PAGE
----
Following the discovery that certain applications were using concealed malicious software to acquire user data, Google removed more than a dozen apps from the Play Store. According to reports, the code was created by Measurement Systems, a company associated with a Virginia defence contractor working for the United States’ national security organisations.
According to official statements, Measurement Systems employed developers from various parts of the world in order to integrate their code into their applications using SDKs (Software Development Kits). This code enabled the company to collect user data without the knowledge of the developers or the consumers.
Google has prohibited data-collection applications.
Google recently blocked access to a number of Muslim prayer applications, which had been downloaded over ten million times, as well as other applications such as a highway speed trap detector, a QR code reader, and a selection of popular consumer applications. This action has caused considerable consternation amongst users of the affected applications.
According to Scott Westover, a representative from Google, the company removed certain applications from its Play Store on March 25, 2022, due to their collection of user data in contravention of Google’s established policies. Westover further stated that if the relevant organisations delete the associated software code, Google may consider reinstating these applications. A handful of applications have already been reinstated, having met the requisite business criteria.
What kind of data have Measurement Systems collected so far?
Measurement Systems has collected an extensive amount of user data, including precise geographic location, personal details such as email addresses and telephone numbers, as well as information on nearby devices.
By utilising the software development kit, measurement systems can capture data from the clipboard of a phone when a user performs a cut-and-paste action. This provides the potential for malicious software to gather important credentials. Furthermore, the SDK can access the file system of the phone, including any files located in the WhatsApp downloads folder.
In March 2022, Serge Egelman of the International Computer Science Institute and the University of California, Berkeley, and Joel Reardon from the University of Calgary and the Federal Trade Commission, uncovered a vulnerability that had not previously been identified. Upon informing Google of their findings, the tech giant conducted a thorough investigation and took the appropriate measures to address the issue.
In a recent blog post, Reardon drew attention to the potential consequences of this incident. He characterised the situation of a database linking individual identifiers, such as email addresses and telephone numbers, to a detailed record of their GPS location history as deeply concerning. Furthermore, he warned that third parties may be able to exploit this sensitive information to cause harm to journalists, activists, or political adversaries.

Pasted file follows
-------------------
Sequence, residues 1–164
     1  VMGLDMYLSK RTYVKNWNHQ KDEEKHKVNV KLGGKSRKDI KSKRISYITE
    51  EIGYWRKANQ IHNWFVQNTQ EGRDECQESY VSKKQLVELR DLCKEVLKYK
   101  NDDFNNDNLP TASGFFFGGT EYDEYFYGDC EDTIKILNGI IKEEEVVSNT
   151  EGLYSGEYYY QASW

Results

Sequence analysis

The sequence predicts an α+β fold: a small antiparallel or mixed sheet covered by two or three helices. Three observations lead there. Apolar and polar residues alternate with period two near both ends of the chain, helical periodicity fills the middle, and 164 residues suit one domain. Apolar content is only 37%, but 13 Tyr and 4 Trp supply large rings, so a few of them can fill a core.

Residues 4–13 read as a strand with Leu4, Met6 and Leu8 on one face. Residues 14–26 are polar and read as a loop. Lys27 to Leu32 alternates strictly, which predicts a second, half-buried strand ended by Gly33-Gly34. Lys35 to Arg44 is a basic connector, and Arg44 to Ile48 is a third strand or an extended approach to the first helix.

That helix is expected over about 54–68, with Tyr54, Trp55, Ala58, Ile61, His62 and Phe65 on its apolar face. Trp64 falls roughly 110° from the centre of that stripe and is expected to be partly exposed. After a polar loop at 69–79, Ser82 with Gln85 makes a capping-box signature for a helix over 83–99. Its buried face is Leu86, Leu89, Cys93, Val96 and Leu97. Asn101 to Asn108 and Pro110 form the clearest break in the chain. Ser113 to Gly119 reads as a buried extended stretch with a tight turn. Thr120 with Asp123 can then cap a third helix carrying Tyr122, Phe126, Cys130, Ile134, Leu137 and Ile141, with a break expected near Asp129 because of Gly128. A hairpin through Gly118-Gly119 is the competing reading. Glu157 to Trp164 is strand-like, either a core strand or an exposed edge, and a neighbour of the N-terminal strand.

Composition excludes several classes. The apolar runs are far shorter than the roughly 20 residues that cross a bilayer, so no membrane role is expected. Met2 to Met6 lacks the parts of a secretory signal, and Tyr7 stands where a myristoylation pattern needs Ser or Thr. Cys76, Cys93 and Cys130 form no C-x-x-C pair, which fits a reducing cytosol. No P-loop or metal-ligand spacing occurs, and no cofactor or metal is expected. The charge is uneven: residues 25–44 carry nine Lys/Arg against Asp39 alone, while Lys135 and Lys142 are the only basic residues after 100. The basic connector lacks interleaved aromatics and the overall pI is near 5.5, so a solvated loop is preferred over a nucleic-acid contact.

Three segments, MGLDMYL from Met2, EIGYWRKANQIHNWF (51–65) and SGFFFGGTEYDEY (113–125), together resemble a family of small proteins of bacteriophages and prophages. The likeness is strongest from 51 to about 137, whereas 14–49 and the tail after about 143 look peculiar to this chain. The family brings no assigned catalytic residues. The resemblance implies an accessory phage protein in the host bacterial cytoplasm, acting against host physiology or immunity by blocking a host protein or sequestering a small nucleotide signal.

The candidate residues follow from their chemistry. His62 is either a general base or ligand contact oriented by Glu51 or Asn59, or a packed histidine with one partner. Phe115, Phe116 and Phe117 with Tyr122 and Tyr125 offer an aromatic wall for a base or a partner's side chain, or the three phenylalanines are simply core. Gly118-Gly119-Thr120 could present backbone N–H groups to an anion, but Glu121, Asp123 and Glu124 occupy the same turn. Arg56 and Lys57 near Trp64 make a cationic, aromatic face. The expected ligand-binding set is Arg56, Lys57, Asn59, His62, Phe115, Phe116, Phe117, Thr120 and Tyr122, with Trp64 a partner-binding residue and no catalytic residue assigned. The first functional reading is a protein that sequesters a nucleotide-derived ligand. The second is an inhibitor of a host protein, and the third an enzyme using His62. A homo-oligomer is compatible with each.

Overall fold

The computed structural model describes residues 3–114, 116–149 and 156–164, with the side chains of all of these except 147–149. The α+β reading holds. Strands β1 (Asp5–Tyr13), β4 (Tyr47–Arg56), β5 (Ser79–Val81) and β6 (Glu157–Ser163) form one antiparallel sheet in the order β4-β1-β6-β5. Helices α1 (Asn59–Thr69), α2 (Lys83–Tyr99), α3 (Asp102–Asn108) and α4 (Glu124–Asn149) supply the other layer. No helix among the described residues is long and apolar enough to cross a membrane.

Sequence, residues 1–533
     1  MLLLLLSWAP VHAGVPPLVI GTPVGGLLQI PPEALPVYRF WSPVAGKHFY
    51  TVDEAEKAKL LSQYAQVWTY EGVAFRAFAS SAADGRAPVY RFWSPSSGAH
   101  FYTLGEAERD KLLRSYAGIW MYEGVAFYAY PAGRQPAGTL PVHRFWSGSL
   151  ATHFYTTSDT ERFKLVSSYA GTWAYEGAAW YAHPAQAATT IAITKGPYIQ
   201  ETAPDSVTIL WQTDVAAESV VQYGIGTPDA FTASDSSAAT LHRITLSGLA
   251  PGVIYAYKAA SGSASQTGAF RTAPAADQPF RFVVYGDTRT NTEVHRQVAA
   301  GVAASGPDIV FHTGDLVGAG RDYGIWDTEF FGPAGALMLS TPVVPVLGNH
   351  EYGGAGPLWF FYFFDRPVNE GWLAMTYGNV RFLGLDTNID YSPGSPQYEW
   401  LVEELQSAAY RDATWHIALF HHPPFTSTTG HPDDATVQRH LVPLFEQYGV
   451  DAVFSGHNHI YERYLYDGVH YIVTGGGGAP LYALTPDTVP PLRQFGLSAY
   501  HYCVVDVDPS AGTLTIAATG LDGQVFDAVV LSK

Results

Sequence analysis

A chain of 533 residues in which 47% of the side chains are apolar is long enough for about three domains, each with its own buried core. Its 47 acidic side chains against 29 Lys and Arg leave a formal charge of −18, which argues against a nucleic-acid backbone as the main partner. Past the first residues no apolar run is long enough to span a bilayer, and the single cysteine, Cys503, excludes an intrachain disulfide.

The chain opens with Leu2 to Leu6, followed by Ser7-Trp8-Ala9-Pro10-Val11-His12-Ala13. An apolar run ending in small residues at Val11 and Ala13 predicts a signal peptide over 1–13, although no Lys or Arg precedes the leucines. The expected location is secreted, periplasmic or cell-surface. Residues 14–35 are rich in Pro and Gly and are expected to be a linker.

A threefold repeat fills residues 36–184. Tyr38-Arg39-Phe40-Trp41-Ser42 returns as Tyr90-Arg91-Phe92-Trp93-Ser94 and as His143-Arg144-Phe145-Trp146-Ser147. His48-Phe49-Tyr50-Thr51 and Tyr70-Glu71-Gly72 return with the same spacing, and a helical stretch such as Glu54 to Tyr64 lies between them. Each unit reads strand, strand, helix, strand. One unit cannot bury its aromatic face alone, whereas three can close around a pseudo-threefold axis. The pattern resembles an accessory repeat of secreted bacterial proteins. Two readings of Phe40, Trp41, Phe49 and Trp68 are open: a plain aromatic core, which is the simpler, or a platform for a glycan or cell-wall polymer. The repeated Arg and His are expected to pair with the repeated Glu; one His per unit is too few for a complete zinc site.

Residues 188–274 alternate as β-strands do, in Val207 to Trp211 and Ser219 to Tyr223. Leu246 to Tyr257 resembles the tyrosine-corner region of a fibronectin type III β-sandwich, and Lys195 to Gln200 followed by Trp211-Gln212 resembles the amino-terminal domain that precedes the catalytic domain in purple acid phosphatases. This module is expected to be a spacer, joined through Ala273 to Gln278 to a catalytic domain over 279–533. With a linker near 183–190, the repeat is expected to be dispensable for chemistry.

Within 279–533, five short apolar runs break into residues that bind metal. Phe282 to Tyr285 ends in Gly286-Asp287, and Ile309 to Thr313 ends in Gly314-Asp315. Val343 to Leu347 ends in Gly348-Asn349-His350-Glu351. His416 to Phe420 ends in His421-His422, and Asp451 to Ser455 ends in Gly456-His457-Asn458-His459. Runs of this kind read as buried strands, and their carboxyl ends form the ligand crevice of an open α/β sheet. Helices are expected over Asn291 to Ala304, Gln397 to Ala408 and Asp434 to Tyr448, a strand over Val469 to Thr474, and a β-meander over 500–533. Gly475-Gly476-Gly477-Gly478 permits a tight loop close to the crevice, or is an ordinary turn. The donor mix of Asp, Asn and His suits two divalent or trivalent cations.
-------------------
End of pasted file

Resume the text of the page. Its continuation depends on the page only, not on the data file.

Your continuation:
According to Egelman, this situation serves to underscore the importance of the adage “don’t take sweets from strangers”, as developers who utilised the SDK for financial gain put the data of millions of Android users at risk.
According to their findings, Google’s removal of the applications from the Play Store would not be effective in preventing Measurement Systems from collecting data from phones that already have the applications installed. Furthermore, Egelman and Reardon reported that the SDK stopped gathering data promptly after they began to circulate their results.
Measurement Systems offered developers compensation ranging from $100 to $10,000 per month, depending on the number of active users. According to the accompanying documentation, the company was particularly interested in users who had consented to the program accessing their location, but it has been demonstrated that this authorization was not necessary for the organisation to acquire the data.
Take note, developers all across the world.
As a developer, it is of utmost importance to comply with all of Google’s rules and regulations when hosting applications on the Play Store. Prior to using any SDKs or software code in your projects, it is imperative that you take the time to fully read and understand the code and its implications. Failure to do so can result in SDKs that are potentially hazardous to the users of the application, and can lead to breaches of trust that can severely damage the credibility of your projects.